Young filmmakers have trained their sights on bringing more rail services to Northumberland.
Five schools have taken part in a South East Northumberland Rail User Group (SENRUG) DVD competition to support its long-running campaign to re-instate passenger services on the Ashington, Blyth and Tyne line.
The budding presenters, animators, editors and directors were asked to create a seven to ten-minute film setting out the business case for the scheme.
And the DVDs from six teams were shown at a special SENRUG meeting in Morpeth Town Hall on Friday, before the prizes were dished out by Northumberland County Council Deputy Leader Dave Ledger.
Hirst Park Middle School took the top prize of £250, plus a trip for four pupils to present their DVD to Wansbeck MP Ian Lavery in London and tour the Northern Rail Control Centre at York.
The runners-up, who each received £50 vouchers, were Morpeth’s Collingwood School and Media Arts College and Cramlington Learning Village, while Highly Commended certificates were presented to King Edward VI School and two teams from Northumberland Church of England Academy.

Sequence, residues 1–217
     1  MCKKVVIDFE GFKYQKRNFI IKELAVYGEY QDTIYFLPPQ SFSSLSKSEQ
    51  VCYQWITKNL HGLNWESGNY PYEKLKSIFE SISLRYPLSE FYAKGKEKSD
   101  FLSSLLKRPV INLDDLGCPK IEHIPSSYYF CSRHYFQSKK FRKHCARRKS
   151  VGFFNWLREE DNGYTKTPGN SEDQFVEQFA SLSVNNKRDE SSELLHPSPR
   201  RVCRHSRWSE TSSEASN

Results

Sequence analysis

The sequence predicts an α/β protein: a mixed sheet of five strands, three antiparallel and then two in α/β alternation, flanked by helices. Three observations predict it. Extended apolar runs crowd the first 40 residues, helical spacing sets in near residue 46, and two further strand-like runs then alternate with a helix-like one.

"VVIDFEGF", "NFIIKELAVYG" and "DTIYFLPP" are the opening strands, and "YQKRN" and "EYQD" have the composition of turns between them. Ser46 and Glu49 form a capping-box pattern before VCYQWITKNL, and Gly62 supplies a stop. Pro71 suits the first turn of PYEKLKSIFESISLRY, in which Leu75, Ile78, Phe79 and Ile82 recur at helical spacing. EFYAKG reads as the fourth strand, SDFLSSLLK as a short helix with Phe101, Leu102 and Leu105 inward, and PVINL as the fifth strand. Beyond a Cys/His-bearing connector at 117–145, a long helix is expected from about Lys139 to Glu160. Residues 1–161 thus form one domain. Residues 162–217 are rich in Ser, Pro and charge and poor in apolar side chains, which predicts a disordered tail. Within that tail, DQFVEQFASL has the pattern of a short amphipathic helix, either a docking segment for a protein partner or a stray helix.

The competition was supported by the Herald’s sister paper the News Post Leader, Arch development company, East Coast, Cross Country and Northern Rail.
SENRUG Chairman Dennis Fancett said: “It’s been fantastic to see a whole new generation of young people engage with the importance of railways, the way they can regenerate communities and the need to get Ashington back on the map. I’d like to thank everyone who has made this competition possible.
“The teams have done exceptionally well. All of the DVDs are good and we are delighted that schools have participated in this.”
The meeting heard that the scheme is a priority for Northumberland County Council and has now passed the first of eight processes to ensure it is feasible. The council estimates the project will cost £60million, but would generate more in benefits. If all goes to plan, trains could be operating on the line in 2019.